A number of DDGS buyers are inquiring about DDGS prices in the October-November-December time period, but they seem reluctant to agree upon a price out of concern for missing a substantial setback in corn futures this fall. However, the preceding outlook section explains why any harvest decline in corn prices this fall is unlikely to be as large as many individuals were expecting even a month ago. Therefore, it is entirely possible that limited corn futures declines and higher transportation costs may not be much different than a combination of current corn futures contracts and prearranged freight rates for this fall. Consequently, any near-term limited sell-off in corn futures contracts is presumably an opportunity for DDGS buyers to work with merchandisers in order to investigate pricing possibilities for the October-November-December time period. 

Ethanol Comments: Gasoline futures attempted to break out of a month-long trading range and sell-off on Monday due to concerns about the Chinese economy and global demand. However, it quickly become evident that such bearish action was premature and gasoline futures reestablished themselves back into the horizontal trading range. U.S. domestic gasoline demand has been relatively strong and that is beneficial for ethanol demand. As a result, it makes sense that USDA increased their estimate for the amount of U.S. corn used in ethanol production during the current 2014/15 crop year by an additional 25 million bushels.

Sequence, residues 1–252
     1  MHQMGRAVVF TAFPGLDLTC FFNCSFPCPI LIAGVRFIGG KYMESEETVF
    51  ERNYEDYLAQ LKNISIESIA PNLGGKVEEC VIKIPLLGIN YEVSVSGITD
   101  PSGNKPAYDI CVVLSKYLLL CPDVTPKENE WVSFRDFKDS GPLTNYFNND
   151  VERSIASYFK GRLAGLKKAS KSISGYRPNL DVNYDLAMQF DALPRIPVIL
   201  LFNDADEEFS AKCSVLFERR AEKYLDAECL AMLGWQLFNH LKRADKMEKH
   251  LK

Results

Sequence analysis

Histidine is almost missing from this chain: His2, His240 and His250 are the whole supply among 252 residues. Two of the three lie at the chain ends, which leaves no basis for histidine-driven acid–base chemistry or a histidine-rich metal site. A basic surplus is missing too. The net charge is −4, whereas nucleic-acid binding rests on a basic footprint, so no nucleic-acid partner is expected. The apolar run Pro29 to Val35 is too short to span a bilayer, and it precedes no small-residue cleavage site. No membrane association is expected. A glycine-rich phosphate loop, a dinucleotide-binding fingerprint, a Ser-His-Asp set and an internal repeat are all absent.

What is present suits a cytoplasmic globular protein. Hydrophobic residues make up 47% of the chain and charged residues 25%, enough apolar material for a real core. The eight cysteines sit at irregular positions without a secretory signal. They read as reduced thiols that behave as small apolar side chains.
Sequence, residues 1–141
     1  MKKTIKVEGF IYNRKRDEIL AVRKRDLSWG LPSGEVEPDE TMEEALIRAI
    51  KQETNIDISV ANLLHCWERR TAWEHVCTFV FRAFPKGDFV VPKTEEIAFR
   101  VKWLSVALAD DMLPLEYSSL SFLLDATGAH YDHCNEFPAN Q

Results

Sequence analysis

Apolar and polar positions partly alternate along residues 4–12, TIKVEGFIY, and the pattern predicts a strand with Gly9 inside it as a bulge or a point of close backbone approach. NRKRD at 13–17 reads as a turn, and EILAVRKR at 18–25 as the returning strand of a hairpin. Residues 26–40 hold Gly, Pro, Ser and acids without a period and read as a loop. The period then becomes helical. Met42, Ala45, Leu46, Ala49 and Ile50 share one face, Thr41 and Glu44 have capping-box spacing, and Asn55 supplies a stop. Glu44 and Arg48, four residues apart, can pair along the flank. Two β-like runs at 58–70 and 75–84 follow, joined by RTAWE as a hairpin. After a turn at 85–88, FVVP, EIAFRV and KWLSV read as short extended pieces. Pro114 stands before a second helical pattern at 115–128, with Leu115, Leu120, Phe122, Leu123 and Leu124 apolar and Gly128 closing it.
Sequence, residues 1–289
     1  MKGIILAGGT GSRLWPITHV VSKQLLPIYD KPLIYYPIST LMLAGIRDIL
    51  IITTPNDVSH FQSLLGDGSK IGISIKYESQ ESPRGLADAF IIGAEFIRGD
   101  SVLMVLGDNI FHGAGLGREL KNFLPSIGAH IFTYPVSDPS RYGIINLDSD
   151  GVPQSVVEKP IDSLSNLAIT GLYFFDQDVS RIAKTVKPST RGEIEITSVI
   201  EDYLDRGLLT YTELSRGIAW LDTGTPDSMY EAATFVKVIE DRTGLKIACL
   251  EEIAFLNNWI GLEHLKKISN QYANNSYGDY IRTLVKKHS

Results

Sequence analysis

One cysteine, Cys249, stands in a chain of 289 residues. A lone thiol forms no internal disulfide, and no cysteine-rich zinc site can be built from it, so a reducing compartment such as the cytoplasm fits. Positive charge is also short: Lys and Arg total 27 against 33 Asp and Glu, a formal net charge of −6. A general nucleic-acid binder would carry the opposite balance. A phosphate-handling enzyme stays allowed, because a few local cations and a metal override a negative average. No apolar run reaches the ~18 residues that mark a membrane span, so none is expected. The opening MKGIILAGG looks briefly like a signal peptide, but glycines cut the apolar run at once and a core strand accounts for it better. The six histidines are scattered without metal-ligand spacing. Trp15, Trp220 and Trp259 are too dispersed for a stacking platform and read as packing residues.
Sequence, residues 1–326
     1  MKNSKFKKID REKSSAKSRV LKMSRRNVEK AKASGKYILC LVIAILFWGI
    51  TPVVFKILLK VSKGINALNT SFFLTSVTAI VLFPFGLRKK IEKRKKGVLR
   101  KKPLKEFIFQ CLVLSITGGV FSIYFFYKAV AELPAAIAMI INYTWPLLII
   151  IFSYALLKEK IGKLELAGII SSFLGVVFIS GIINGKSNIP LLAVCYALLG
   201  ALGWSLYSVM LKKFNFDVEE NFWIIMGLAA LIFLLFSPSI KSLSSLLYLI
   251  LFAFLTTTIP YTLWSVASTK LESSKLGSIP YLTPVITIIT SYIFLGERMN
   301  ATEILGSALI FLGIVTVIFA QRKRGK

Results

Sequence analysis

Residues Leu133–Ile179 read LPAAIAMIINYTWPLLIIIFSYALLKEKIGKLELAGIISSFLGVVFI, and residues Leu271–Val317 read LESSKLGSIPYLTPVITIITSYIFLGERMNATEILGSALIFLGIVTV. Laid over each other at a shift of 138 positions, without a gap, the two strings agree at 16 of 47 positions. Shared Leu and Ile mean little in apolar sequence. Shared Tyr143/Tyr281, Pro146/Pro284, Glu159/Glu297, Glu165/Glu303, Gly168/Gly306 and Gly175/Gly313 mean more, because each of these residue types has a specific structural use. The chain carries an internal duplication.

As noted in the Outlook discussion, the increase in both domestic and export demand for corn raises the price floor for U.S. corn before the fall harvest. The result of firmer corn prices and horizontal gasoline prices is the narrowing of margins for ethanol producers. At the same time, U.S. ethanol production remains at high levels in order to retain market share. The average daily ethanol production rate increased to 987,000 barrels per day (bpd) for the week ending July 3, which is above the prior-week’s level of 968,000 bpd and the year-ago level of 927,000 bpd. There was also an increase in the total U.S. ethanol stocks to 19.8 million barrels from the prior-week’s level of 19.5 million barrels. The natural result is an emphasis on increasing efficiencies at ethanol facilities.    

The need for improved efficiency due to narrower margins is implied by the differential between the cost of corn and the co-products that declined in three of the four primary locations across the Corn Belt for the week ending July 10, 2015:

  • Illinois differential is $1.62 per bushel, in comparison to $1.74 the prior week and $3.39 a year ago.
  • Iowa differential is $1.59 per bushel, in comparison to $1.52 the prior week and $3.09 a year ago.
  • Nebraska differential is $1.28 per bushel, in comparison to $1.37 the prior week and $2.95 a year ago.